• Structure and Meaning, Hermeneutics, Post-Structuralism

      • John Preston, The Created Self: The Reader's Role in Eighteenth-Century Fiction (London: Heinemann, 1970). A brilliant rhetorical analysis of Richardson's novels along with Defoe's, Fielding's, and Sterne's.
      • Donald L. Ball, Samuel Richardson's Theory of Fiction (The Hague and Paris: Mouton, 1971).
      • Elizabeth Bergen Brophy, Samuel Richardson: The Triumph of Craft (Knoxville: Univ. of Tennesee Press, 1974).
      • William Beatty Warner, Reading "Clarissa": The Struggles of Interpretation (New Haven: Yale Univ. Press, 1979). Takes Lovelace's side of the struggle.
      • Terry Castle, Clarissa's Ciphers: Meaning and Disruption in Richardson's "Clarissa" (Ithaca and London: Cornell Univ. Press, 1982). Nicely complements Warner in seeing the main concern with the violence to the text as well as to the fictional body of the heroine.
      • Christina Marsden Gillis, The Paradox of Privacy: Epistolary Form in Clarissa (Gainesville: Univ. of Florida Press, 1983).
      • Adrian Mebold, Rhetorik und Moral in Samuel Richardsons "Clarissa": ein systemtheoretischer Versuch (Bern and New York: Peter Lang, 1991).
      • Jamila Maaoun, "Belford Narrateur double de Lovelace dans Clarissa," Études anglaises 44 (June 1991): 129-42.
      • Anne Waldron Neumann, "Free Indirect Discourse in the Eighteenth-Century English Novel: Speakable or Unspeakable? The Example of Sir Charles Grandison," in Language, Text, and Context: Essays in Stylistics, ed. Michael Toolan (London: Routledge, 1992).
      • Gerard Strauch, "Richardson et le style indirect libre," Recherches Anglaises et Nord Americaines 26 (1993): 87-101.

    • Religious and Moral Contexts

      • Alan Wendt, "Clarissa's Coffin," Philological Quarterly 39 (1960): 481-95.
      • John A. Dussinger, "Conscience and the Pattern of Christian Perfection in Clarissa," PMLA 81 (1966): 236-45.
      • John A. Dussinger, "Richardson's Christian Vocation," Papers on Language and Literature 3 (1967): 3-19.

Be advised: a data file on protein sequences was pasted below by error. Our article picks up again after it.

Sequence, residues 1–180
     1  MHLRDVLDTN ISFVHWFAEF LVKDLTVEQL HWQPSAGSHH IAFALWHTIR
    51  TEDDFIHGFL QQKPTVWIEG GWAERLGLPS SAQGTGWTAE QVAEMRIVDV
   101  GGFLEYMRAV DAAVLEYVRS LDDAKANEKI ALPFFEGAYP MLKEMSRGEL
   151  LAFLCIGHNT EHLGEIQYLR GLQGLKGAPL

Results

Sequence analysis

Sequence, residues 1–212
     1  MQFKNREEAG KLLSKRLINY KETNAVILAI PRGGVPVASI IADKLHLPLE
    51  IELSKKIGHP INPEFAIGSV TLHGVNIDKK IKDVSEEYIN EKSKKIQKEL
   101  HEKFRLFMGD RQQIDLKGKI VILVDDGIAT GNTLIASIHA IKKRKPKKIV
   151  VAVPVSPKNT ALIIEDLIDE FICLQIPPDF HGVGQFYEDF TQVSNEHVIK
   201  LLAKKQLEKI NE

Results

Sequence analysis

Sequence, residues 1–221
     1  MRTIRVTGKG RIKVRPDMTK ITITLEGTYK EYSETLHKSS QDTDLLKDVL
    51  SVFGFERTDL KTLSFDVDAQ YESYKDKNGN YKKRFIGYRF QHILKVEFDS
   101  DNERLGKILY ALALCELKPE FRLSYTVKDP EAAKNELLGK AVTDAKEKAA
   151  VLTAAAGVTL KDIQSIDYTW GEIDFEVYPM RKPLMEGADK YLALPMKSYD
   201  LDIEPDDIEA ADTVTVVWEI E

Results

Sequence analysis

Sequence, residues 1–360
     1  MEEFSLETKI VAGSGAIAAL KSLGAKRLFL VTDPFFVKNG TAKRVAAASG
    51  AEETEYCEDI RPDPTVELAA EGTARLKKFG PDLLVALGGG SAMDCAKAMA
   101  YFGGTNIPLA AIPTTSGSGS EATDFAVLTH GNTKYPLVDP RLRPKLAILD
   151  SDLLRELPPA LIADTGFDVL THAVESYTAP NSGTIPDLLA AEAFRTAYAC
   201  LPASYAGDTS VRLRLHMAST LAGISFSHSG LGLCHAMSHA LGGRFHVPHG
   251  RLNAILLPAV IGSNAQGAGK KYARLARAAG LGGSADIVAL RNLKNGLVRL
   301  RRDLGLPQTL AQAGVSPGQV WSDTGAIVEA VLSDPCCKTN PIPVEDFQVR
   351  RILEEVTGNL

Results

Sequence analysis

• Cynthia Griffin Wolff, Samuel Richardson and the Eighteenth-Century Puritan Character (Hampden, Connecticut: Archon, 1972).
      • R. F. Brissenden, Virtue in Distress: Studies in the Novel of Sentiment from Richardson to Sade (London: Macmillan, 1974). A very important contribution that may have been overlooked after the book went out of print before it could be properly noticed.
      • James Louis Fortuna, "The Unsearchable Wisdom of God": A Study of Providence in Richardson's "Pamela" (Gainesville: Univ. of Florida Press, 1980).

    • Psychological and Mythical Contexts

      • Leslie Fiedler, Love and Death in the American Novel (New York: Stein and Day, 1960).
      • Morris Golden, Richardson's Characters (Ann Arbor: Univ. of Michigan Press, 1963).
      • John A. Dussinger, The Discourse of the Mind in Eighteenth-Century Fiction (The Hague and Paris: Mouton, 1974).
      • Ian Donaldson, The Rape of Lucretia: A Myth and its Transformations (Oxford: Clarendon, 1982).
      • Jean H. Hagstrum, Sex and Sensibility: Ideal and Erotic Love from Milton to Mozart (Chicago: Univ. of Chicago Press, 1980).
      • John Allen Stevenson, "'Never in a Vile House': Knowledge and Experience in Richardson," Literature and Psychology 34 (1988): 4-16.
      • Christine Lehmann, Das Modell Clarissa: Liebe, Verf�hrung, Sexualität und Tod der Romanheldinnen des 18. Und 19. Jahrhunderts (Stuttgart: J. B. Metzler, 1991).
      • Douglas Murray, "Classical Myth in Richardson's Clarissa: Ovid Revised," Eighteenth-Century Fiction 3 (Jan. 1991): 113-24.
      • Terri Nickel, "Pamela as Fetish: Masculine Anxiety in Henry Fielding's Shamela and James Parry's The True Anti-Pamela," Studies in Eighteenth-Century Culture 22 (1992): 37-49.

    • Literary Sources and Influences